A man who gained the trust of an entire country, while serving as an all-powerful voice in the underbelly of Liberia during a bloody civil war, has brought a story to the stage. Charles Taylor, who is now serving 50 years in prison on crimes against humanity, has had a hand in the torture and transformation of many of Liberia’s youths into child soldiers. “Liberian Girl” follows a child soldier through her ordeals with Taylor.
Under the debut direction of Diana Nneka Atuona, the story of unfolds with Martha, a 14 year old hoping for a better education and a way out of her small village, fleeing with her grandmother when rebel forces attack. She hides her identity and joins the leagues of other captured young boys who are force-fed drugs and hallucinogens and taught heinous tactics for murder and rape. Though they are essentially programmed to become grown men, they still view Taylor as a father-figure, calling him “the Papay.”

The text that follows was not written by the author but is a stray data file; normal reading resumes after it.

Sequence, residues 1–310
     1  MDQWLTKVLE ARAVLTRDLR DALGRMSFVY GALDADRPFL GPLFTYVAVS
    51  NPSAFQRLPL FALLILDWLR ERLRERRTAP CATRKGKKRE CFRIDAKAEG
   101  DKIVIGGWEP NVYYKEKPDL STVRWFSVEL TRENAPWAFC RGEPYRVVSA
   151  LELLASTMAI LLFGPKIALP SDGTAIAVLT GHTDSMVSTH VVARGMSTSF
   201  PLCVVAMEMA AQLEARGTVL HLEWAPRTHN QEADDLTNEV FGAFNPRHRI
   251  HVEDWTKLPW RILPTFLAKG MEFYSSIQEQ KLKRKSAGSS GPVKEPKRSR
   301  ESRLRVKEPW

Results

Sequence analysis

These atrocities typically make news retroactively, when it is too late for many of these children to return safely to their homes and families. Atunoa has cultivated a powerful telling in both worlds of war and gender, as Martha creates a 12th Night identity to allow her some semblance of safety.